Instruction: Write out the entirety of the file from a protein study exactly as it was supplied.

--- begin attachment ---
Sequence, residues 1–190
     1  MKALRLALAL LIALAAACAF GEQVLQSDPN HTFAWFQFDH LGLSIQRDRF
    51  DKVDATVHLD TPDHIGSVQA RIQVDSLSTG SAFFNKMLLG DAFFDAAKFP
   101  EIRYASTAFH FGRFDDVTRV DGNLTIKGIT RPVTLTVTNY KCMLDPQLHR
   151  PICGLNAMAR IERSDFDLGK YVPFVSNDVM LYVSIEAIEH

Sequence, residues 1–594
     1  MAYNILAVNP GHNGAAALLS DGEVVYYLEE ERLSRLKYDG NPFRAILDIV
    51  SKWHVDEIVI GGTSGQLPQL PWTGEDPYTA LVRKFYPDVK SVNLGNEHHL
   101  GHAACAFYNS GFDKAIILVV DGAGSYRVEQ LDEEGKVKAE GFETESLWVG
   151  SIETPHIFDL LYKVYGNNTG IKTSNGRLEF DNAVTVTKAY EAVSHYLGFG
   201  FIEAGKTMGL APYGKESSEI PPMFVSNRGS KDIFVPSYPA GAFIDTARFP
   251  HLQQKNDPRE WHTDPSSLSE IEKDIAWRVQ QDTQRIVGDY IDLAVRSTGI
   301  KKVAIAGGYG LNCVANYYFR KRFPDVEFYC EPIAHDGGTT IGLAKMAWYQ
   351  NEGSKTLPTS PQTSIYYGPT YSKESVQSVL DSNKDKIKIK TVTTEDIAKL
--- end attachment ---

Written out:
Sequence, residues 1–190
     1  MKALRLALAL LIALAAACAF GEQVLQSDPN HTFAWFQFDH LGLSIQRDRF
    51  DKVDATVHLD TPDHIGSVQA RIQVDSLSTG SAFFNKMLLG DAFFDAAKFP
   101  EIRYASTAFH FGRFDDVTRV DGNLTIKGIT RPVTLTVTNY KCMLDPQLHR
   151  PICGLNAMAR IERSDFDLGK YVPFVSNDVM LYVSIEAIEH

Sequence, residues 1–594
     1  MAYNILAVNP GHNGAAALLS DGEVVYYLEE ERLSRLKYDG NPFRAILDIV
    51  SKWHVDEIVI GGTSGQLPQL PWTGEDPYTA LVRKFYPDVK SVNLGNEHHL
   101  GHAACAFYNS GFDKAIILVV DGAGSYRVEQ LDEEGKVKAE GFETESLWVG
   151  SIETPHIFDL LYKVYGNNTG IKTSNGRLEF DNAVTVTKAY EAVSHYLGFG
   201  FIEAGKTMGL APYGKESSEI PPMFVSNRGS KDIFVPSYPA GAFIDTARFP
   251  HLQQKNDPRE WHTDPSSLSE IEKDIAWRVQ QDTQRIVGDY IDLAVRSTGI
   301  KKVAIAGGYG LNCVANYYFR KRFPDVEFYC EPIAHDGGTT IGLAKMAWYQ
   351  NEGSKTLPTS PQTSIYYGPT YSKESVQSVL DSNKDKIKIK TVTTEDIAKL